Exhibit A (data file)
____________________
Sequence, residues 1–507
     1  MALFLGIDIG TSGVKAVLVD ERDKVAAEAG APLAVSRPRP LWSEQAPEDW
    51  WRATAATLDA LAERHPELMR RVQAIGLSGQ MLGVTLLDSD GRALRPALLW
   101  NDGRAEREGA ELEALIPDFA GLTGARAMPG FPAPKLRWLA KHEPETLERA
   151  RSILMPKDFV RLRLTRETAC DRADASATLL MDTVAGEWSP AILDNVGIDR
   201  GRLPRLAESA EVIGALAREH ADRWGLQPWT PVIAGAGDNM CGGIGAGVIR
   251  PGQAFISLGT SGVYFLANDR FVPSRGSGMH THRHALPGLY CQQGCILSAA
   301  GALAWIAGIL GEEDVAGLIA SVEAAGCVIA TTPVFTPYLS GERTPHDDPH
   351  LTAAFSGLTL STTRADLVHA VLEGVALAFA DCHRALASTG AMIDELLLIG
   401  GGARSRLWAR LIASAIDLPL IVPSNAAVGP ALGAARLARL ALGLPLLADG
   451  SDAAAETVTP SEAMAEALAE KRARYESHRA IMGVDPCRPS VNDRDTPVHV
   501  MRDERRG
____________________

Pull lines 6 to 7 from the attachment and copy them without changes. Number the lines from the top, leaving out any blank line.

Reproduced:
   201  GRLPRLAESA EVIGALAREH ADRWGLQPWT PVIAGAGDNM CGGIGAGVIR
   251  PGQAFISLGT SGVYFLANDR FVPSRGSGMH THRHALPGLY CQQGCILSAA